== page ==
Tips when using Pro Tools on a general use computer
When you are using someone else’s computer, such as in a Studio or general use C-Lab environment, you are not likely going to be aware of what the previous person used Pro Tools for. They may have, for example used an alternative interface and customised the routing (I/Os) within Pro Tools for their own specific use. Therefore it is always advisable when you are creating a new Pro Tools session or re-opening an existing Pro Tools session to confirm the following:
Audio File Type: wav
Sample Rate: whatever your clients project requires – for example, 48 Hz
Bit depth: whatever your clients project requires – for example, 24 Bit
I/O Settings: Stereo Mix (not ‘Last Used’)
Once you have the Pro Tools session open, can I suggest you check the two sections in the Setup drop down menu:
Setup/Playback Engine: does it have ‘Built in Output’ selected, or is ‘Pro Tools Aggregate I/O’ selected because the previous person was using an alternative external interface? Without an interface, you need to have ‘Built in Output’ selected
Setup/Playback Engine: H/W Buffer Size: make sure you have the correct H/W Buffer Size selected for the type of session you are conducting – mixing or recording/tracking
1024 Samples (recommended for Mixing)
64 Samples (recommended for Recording/Tracking)
When you have completed this task, close this display window by pressing the ok button in the bottom right-hand corner.
Setup/IOs: reset all of the I/O tabs (Input, Output, Bus, etc) by pressing the default button in the bottom left-hand corner of the I/O display window for each of the I/O tabs. If any routing changes had been made in the previous session, this action will reset all of the I/Os back to the original default setup. When you have completed this task, close this display window by pressing the ok button in the bottom right-hand corner.
These simple steps should become your standard operating procedure every time you create a new Pro Tools session or re-open an existing Pro Tools session on a general use computer, or in a Studio used by others.Having completed these simple steps, you can be confident that your Pro Tools’ session is correctly setup, ready for a successful Mixing or Recording/Tracking session, minimising the chance of experiencing signal flow issues during your Pro Tools’ session.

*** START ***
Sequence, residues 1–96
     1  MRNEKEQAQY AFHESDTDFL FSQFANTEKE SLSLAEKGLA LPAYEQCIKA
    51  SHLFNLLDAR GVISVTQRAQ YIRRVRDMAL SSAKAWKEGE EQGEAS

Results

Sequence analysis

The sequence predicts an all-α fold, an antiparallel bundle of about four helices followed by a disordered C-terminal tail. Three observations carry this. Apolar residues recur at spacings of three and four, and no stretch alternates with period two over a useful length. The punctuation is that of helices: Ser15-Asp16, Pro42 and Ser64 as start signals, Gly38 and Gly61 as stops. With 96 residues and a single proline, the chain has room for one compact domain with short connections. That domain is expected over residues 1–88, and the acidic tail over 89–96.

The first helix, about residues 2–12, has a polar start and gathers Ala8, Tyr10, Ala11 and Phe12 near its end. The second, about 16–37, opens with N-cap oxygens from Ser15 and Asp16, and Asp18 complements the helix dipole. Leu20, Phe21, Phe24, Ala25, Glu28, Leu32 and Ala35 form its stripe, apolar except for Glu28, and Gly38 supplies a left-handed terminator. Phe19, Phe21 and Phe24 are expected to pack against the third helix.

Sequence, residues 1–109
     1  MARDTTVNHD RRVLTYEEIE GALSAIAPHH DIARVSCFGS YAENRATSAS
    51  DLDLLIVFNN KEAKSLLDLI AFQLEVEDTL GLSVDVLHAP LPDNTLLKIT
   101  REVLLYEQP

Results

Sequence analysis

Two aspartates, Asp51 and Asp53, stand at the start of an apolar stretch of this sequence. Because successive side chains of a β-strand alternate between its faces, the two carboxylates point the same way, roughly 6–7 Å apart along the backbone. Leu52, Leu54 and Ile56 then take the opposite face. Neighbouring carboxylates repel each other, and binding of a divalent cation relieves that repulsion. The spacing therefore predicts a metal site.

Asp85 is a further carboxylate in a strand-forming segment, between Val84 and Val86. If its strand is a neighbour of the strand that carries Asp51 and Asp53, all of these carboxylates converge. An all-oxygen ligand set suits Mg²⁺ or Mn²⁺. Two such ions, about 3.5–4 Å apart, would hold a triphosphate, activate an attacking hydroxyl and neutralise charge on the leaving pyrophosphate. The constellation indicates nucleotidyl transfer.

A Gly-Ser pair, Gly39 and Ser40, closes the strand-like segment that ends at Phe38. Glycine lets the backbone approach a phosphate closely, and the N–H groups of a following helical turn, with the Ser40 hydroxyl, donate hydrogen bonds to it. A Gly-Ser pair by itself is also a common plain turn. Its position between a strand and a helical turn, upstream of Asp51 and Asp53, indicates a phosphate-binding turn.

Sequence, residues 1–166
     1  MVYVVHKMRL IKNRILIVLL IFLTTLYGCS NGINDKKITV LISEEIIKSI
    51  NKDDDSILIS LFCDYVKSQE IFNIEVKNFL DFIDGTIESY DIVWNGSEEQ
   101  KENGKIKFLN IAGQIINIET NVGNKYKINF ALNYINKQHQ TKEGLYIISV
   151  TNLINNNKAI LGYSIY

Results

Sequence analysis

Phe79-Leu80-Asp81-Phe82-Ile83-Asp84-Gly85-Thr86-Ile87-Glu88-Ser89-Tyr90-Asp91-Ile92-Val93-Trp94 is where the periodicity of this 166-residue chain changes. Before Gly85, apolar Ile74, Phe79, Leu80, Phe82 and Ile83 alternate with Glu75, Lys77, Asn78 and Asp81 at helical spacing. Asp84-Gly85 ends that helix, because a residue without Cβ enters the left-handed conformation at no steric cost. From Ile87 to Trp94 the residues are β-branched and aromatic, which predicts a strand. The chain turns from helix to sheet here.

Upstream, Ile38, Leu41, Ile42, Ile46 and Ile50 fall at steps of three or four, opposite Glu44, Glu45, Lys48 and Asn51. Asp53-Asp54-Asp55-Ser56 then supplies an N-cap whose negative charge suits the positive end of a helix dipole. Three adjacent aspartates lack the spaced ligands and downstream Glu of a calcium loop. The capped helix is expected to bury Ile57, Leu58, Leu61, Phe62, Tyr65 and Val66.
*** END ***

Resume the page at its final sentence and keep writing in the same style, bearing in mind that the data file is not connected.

If however, having followed these simple steps you do have Signal Flow issues during your Pro Tools session, can I also suggest that you check the following:
Overall session signal flow. Remember, Pro Tools is no different to a studio, it is just ‘in a box’. All of the rules of Signal Flow still apply
are your session inputs (in the ‘mix’ window) routed correctly?
are your session outputs (in the ‘mix’ window) routed correctly?
are all ‘mute’ buttons off?
are there any ‘solo’ buttons selected?
If you have checked all of the above suggestions, but continue to have issues whilst within the Pro Tools session, I suggest you consult the Studio Supervisors.
With over 20 years experience in the arts & post-compulsory education, David has lived, studied and worked Internationally including Japan, India, Fiji, the US and NZ.
David has extensive interests as per the extensive blogs hosted on his site (see below).
Additionally, David has published in both lay texts and academic (peer-review) publications.